“We had a pretty original sound”, recalls Savale. “We were called Asian Dub Foundation, which sounds ethnocentric, but the people in the band were hugely diverse.” In addition to coming from different faiths, they also had a very young vocalist at the helm. Deeder Zaman was only 15 when the band formed. And, growing up in Forest Gate’s Bangladeshi community, the singer brought a different perspective on music to the group. “I really experienced jungle through Deeder,” says Savale.
Remastered and re-released with bonus tracks, the 21st anniversary edition of Rafi's Revenge came out on March 22, 2019. Upon being asked what it was like to revisit the material in its updated and repackaged form, Savale is very measured. “It doesn’t feel like looking back. There are certain streams and tendencies in it that are relevant and stand up as an interesting gauntlet throw down. One thing I am proud of is that we united a lot of different musical interests.” Thanks to being embraced by the New Musical Express (NME, formerly a magazine and now a British music journalism website) at the time, people from the largely guitar-based indie scene flocked to ADF's gigs alongside jungle music fans who had never seen live bands before. “It was a wonderful interconnection,” says Savale. And that exciting convergence of musical worlds is still felt directly in the band today. “Aktar Ahmed, the vocalist we have now, the first live band he ever saw was ADF.”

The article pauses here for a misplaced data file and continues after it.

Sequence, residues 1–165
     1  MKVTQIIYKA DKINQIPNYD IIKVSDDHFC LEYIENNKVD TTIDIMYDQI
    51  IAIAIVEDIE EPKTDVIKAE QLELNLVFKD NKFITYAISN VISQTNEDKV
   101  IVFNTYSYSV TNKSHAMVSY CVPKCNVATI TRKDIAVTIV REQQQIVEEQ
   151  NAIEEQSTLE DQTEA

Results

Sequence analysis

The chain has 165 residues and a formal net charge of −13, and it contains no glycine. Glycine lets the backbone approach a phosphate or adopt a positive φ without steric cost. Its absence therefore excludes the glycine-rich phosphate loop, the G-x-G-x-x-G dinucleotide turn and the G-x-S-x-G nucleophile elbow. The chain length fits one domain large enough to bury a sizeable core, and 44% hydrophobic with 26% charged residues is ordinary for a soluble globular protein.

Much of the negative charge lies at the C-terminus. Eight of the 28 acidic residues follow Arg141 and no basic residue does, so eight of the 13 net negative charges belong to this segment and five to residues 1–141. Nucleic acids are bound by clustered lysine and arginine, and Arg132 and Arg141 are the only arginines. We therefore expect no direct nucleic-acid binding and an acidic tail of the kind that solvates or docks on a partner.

For jungle music fans, the notion of people plugging into amps and playing live alongside drum loops and samples must have felt like an alien concept at the time. Similarly, for many of the band’s followers who discovered the group via NME, Deeder’s fast paced vocals would have been difficult to decipher. “It was 100 times faster than your average American rap back then. Now, the vocal tempos sound very contemporary. And that’s one of the things that’s stopped the band from dating. Even the jungle backbeat we made so much use of remains an exciting musical artefact. And one that hasn’t really been explored as much as it could have been. Ultimately, it was abandoned by that scene in favour of the more intellectually focused world of Drum & Bass. Goldie soon became the face of that musical offshoot followed by Roni Size enhancing it with a live band.” While this intermingling of fast jerky beats and live musicians had parallels with Savale’s endeavours, Size’s version “was jazzy and sophisticated whereas what ADF focused on was very rough, raw and in your face”. Savale adds, “We were going for that fast tempo and never jazzed it up or added strings.”